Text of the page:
Abstract: Deep vein thrombosis (DVT) and pulmonary embolism (PE), known collectively as venous thromboembolism (VTE), affect an estimated 900,000 people in the U.S. each year, resulting in several hundred thousand hospitalizations and about 300,000 deaths. Despite this substantial public health burden, no systematic collection of VTE-related morbidity and mortality data exists in the U.S. The available information about disease prevalence and incidence consists of estimates based mainly on population-based epidemiologic studies and analysis of hospital discharge or health insurance claims databases. The limited scope of the available data has raised the question of whether a systematic surveillance system for VTE should be established. To help answer this question and to make recommendations for the next steps toward better surveillance of VTE, the CDC asked the American Society of Hematology (ASH) to convene a national workshop of stakeholders representing relevant federal agencies, experts in VTE epidemiology and treatment, public health experts in VTE, and patient representatives. These groups were assembled by ASH for a 1-day meeting in Washington DC. The subspecialty experts included representatives from internal medicine, cardiovascular diseases, adult and pediatric hematology, surgery, obstetrics and gynecology, radiology, emergency medicine and trauma care, hospital practice and critical care, and geriatrics. Experts in epidemiology, healthcare quality, and health policy also participated. During the workshop, experts discussed their perspectives on the burden of disease from VTE and its diagnosis, treatment, and prevention. The workshop also focused on the advisability and feasibility of establishing systematic surveillance for VTE and included preliminary discussion of the advantages and disadvantages of various approaches. The workshop concluded that (1) improved utilization in clinical practice of existing, proven-effective preventive measures is critical to reducing the disease burden from VTE; (2) systematic surveillance of DVT and PE is needed to provide nationally representative data on the prevalence and annual incidence of DVT and PE in the U.S.; (3) tracking and documenting changes in the incidence of DVT and PE through systematic surveillance will be important to enhance prevention efforts; and (4) the CDC should convene a second group of experts to advise the agency in detail on the strengths, weaknesses, and feasibility of possible approaches to systematic surveillance for DVT and PE.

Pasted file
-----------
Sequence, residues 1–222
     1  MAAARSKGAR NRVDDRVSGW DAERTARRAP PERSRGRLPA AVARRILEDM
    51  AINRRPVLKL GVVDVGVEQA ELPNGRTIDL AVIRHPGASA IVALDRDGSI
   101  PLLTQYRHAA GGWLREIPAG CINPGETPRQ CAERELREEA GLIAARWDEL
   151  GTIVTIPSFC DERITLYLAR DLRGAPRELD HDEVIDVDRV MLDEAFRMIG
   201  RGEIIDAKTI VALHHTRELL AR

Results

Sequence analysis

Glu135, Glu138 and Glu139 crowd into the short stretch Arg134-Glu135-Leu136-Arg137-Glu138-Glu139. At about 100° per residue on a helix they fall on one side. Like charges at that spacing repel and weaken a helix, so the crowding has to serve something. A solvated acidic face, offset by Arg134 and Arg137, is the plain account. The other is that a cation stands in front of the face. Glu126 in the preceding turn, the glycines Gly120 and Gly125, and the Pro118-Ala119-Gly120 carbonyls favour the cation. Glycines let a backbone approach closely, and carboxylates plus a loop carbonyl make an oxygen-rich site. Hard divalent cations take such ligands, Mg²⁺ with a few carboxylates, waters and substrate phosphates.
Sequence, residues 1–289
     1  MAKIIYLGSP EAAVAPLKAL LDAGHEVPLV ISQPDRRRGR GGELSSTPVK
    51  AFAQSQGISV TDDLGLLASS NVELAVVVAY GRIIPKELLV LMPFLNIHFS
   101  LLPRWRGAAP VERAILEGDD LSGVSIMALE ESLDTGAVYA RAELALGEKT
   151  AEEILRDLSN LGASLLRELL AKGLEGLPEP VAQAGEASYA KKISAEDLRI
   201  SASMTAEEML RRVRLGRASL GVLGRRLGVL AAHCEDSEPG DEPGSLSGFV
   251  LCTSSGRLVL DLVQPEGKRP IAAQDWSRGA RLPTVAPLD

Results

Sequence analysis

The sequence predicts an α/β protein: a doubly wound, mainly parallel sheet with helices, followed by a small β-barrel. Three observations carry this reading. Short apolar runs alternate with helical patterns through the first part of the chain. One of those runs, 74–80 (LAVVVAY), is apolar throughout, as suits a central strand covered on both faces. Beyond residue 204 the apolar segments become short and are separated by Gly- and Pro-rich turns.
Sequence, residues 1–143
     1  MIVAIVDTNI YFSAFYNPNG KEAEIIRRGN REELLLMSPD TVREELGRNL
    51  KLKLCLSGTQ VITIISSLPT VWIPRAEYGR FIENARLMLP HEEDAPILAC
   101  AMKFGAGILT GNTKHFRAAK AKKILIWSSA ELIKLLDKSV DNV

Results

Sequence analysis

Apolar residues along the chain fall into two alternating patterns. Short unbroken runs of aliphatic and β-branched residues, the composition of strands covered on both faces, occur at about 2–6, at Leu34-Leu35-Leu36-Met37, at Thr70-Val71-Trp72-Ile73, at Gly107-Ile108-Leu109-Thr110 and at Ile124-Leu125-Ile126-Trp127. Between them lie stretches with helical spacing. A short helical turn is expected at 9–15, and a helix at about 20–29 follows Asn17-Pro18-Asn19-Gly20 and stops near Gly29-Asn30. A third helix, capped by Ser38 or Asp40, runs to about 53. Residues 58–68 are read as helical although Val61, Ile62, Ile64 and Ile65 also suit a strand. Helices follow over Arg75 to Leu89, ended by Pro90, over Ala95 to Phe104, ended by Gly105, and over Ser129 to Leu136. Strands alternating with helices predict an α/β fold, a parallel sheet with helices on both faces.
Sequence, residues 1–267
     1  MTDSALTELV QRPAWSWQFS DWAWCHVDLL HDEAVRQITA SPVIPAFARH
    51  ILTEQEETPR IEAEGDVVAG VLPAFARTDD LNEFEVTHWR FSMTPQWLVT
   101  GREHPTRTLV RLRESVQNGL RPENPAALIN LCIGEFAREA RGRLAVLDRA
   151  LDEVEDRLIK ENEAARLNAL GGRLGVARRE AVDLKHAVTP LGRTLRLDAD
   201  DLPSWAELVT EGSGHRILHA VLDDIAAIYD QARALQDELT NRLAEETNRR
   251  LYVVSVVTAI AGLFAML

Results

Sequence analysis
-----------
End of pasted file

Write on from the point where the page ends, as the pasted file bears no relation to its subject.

ASJC Scopus subject areas
- Public Health, Environmental and Occupational Health